In PLoS One this week, MIT researchers say they've developed the first ever broad-spectrum antiviral therapeutic. Instead of taking a pathogen-specific approach to developing antivirals, the team has created a new approach, called Double-Stranded RNA Activated Caspase Oligomerizer, or DRACO, which selectively induces apoptosis in cells that contain viral dsRNA, and kills infected cells without harming normal cells. "We have created DRACOs and shown that they are nontoxic in 11 mammalian cell types and effective against 15 different viruses, including dengue flavivirus, Amapari and Tacaribe arenaviruses, Guama bunyavirus, and H1N1 influenza," the team writes. "We have also demonstrated that DRACOs can rescue mice challenged with H1N1 influenza."
In PLoS Genetics this week, a team of researchers in North Carolina and Alabama says an analysis of DNA methylation in a three-generation family has revealed a widespread genetic influence on epigenetic regulation. The team applied reduced representation bisulfite sequencing to somatic DNA from six members of the subject family and observed that 8.1 percent of heterozygous SNPs are associated with differential methylation in cis. "The vast majority of differential methylation between homologous chromosomes (>92 percent) occurs on a particular haplotype as opposed to being associated with the gender of the parent of origin, indicating that genotype affects DNA methylation of far more loci than does gametic imprinting," the authors write. "We found that 75 percent of genotype-dependent differential methylation events in the family are also seen in unrelated individuals and that overall genotype can explain 80 percent of the variation in DNA methylation."
In PLoS Biology this week, researchers in New York and Utah suggest that Nemo-like kinases could have broader roles as regulators of cellular morphogenesis, in addition to their traditional role in regulating the Wnt signaling pathway. Despite the prevalence and importance of the "enclosed compartments" surrounding neuronal endings, not much is known about how they form, the authors write. Using the main sensory organ of C. elegans, the team found that daf-6/patched-related — a glia-expressed gene previously implicated in amphid sensory compartment morphogenesis — acts to restrict compartment size, and that the gene lit-1/Nemo-like kinase acts to counterbalance daf-6 and promote sensory compartment expansion. "Although LIT-1 has been shown to regulate Wnt signaling, our genetic studies demonstrate a novel, Wnt-independent role for LIT-1 in sensory compartment size control," the team writes. "The LIT-1 activator MOM-4/TAK1 is also important for compartment morphogenesis and both proteins line the glial sensory compartment. LIT-1 compartment localization is important for its function and requires neuronal signals."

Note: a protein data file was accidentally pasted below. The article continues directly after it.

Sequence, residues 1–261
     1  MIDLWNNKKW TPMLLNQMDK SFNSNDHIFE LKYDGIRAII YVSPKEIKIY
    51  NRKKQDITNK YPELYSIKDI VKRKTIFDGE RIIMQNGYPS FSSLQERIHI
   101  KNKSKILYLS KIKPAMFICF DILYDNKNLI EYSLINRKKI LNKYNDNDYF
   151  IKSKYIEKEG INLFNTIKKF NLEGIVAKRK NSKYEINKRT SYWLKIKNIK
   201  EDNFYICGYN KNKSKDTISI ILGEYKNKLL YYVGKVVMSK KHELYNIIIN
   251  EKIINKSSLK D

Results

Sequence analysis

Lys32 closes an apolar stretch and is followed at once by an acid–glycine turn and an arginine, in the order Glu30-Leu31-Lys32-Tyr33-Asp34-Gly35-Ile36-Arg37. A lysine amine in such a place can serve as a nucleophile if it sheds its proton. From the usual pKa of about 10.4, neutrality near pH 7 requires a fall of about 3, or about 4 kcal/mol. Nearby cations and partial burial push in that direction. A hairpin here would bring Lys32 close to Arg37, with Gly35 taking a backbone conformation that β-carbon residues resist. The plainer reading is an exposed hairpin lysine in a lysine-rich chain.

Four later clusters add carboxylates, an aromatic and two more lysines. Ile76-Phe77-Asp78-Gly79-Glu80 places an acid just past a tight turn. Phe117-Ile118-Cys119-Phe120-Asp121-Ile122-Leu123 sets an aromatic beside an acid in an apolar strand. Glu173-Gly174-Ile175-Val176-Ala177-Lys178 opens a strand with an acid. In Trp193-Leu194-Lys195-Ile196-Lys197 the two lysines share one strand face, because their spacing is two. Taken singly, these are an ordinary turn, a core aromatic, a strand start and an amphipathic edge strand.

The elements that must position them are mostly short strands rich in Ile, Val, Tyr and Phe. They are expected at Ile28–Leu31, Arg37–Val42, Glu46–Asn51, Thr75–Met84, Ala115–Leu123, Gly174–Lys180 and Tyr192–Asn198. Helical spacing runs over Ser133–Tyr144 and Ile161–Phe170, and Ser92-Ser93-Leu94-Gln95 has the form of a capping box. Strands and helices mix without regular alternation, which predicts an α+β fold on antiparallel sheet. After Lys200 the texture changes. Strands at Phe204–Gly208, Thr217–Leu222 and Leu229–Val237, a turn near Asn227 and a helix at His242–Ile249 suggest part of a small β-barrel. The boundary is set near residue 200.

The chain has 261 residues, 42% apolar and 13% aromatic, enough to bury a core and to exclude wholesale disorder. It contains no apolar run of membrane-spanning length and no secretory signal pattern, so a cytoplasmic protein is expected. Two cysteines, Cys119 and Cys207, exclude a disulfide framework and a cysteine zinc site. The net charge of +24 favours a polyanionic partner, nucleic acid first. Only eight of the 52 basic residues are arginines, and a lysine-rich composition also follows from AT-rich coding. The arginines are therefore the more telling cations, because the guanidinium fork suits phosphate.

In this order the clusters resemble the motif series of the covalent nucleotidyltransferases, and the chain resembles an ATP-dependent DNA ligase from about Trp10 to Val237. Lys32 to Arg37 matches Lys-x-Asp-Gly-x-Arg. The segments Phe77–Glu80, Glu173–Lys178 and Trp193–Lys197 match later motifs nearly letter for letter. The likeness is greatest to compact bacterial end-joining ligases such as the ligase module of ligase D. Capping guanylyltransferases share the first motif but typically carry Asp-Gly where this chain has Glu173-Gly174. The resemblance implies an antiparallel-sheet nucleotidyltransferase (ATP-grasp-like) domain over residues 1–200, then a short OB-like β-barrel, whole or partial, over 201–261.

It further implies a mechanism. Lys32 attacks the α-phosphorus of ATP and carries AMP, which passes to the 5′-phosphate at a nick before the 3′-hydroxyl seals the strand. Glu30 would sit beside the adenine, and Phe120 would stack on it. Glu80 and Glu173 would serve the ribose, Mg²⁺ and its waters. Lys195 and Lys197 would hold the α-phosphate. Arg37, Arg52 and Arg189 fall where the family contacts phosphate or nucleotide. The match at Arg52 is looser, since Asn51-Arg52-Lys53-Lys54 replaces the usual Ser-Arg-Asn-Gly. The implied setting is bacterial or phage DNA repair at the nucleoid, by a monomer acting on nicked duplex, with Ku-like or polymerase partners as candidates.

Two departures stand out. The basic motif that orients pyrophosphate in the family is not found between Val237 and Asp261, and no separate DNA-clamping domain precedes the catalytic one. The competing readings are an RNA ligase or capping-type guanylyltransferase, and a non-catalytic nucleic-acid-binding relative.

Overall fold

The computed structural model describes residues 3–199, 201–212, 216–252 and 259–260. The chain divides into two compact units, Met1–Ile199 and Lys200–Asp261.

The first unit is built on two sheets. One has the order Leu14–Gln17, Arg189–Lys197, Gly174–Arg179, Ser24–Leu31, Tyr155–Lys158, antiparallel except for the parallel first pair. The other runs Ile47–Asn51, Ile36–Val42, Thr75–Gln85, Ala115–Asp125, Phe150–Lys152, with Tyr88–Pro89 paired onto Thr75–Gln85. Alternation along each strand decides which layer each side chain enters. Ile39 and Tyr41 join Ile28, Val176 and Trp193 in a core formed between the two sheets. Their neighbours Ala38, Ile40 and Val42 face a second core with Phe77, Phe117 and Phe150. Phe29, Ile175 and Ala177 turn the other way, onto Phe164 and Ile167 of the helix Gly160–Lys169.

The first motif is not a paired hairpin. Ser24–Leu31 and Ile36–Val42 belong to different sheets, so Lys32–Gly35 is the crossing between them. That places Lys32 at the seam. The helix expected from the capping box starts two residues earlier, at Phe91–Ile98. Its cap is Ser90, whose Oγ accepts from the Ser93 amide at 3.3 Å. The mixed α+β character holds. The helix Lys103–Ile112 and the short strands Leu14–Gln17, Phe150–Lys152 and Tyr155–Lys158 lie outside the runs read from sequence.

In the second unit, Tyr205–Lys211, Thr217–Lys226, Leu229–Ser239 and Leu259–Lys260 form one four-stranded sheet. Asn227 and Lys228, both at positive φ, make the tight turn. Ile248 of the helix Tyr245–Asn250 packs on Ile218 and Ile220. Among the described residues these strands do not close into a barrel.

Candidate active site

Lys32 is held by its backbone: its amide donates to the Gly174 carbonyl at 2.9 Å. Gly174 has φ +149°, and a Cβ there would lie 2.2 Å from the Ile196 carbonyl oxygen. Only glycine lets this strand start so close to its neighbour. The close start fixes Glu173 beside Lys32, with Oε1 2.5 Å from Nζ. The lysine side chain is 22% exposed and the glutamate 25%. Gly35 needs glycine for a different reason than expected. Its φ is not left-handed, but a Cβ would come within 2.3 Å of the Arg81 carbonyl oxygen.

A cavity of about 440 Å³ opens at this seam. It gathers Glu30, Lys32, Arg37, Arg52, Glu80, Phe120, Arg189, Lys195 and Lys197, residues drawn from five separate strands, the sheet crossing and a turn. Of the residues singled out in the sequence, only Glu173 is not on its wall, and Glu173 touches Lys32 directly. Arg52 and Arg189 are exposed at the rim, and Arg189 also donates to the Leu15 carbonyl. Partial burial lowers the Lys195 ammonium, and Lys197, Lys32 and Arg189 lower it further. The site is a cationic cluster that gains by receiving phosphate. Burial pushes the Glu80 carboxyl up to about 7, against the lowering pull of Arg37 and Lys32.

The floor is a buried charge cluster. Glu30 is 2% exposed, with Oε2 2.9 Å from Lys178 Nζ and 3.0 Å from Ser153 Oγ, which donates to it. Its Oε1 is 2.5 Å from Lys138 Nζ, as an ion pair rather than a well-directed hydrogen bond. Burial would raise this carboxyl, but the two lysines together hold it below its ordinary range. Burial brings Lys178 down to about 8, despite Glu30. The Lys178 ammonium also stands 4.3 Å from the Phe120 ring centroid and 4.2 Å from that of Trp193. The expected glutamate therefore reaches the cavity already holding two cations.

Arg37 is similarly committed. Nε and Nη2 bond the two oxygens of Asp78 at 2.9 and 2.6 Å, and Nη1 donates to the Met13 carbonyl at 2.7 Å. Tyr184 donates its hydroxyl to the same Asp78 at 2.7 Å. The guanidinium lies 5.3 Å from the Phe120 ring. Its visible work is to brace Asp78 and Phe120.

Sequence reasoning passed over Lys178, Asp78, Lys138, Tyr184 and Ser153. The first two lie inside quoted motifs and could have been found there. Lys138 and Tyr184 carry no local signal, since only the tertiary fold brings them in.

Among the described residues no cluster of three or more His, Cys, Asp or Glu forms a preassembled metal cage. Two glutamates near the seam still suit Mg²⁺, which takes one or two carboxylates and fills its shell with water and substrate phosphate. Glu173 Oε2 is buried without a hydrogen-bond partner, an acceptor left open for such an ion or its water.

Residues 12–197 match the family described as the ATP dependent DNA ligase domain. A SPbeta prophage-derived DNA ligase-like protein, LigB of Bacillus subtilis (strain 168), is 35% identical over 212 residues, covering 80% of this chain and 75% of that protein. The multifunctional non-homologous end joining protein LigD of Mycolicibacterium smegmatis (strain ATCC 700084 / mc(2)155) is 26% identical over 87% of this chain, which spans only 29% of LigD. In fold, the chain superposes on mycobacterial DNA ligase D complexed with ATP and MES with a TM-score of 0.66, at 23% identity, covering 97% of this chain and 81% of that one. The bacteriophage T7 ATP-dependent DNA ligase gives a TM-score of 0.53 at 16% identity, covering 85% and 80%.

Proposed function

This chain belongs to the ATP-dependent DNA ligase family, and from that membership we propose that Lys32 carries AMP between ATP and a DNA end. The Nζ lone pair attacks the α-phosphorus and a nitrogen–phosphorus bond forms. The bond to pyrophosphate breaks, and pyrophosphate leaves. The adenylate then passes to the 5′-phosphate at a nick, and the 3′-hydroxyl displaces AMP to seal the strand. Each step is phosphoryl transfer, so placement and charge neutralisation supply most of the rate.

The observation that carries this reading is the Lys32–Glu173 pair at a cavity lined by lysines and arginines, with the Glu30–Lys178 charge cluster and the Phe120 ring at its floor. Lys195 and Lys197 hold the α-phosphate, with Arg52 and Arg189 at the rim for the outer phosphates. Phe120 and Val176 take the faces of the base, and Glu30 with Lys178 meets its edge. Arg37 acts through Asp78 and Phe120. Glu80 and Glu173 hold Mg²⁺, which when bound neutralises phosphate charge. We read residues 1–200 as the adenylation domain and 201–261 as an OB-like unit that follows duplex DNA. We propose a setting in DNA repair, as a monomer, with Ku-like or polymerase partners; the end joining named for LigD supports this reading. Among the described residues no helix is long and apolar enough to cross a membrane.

And finally in PLoS One this week, a team of researchers from the J. Craig Venter Institute and the University of California, San Diego, present their characterization of the small RNA transcriptome of the Thalassiosira pseudonana diatom. The team constructed small RNA cDNA libraries for T. pseudonana and then subjected them to highly parallel pyrosequencing and sequence-by-ligation. "From the computational analysis of approximately 300,000 sequences in the 454 library and over 17 million sequences in the SOLiD libraries, there exists evidence of a core set of small RNA genes including: novel microRNAs, repeat-associated short interfering RNAs, and endogenous short interfering RNAs," the authors write. "The diatom genome contains elements similar to plant small RNA systems, such as the RNAi machinery, a high percentage of short interfering RNAs originating from protein-coding and repetitive regions of the genome, and putative binding sites of the small RNAs occurring primarily in the coding section of the predicted targets."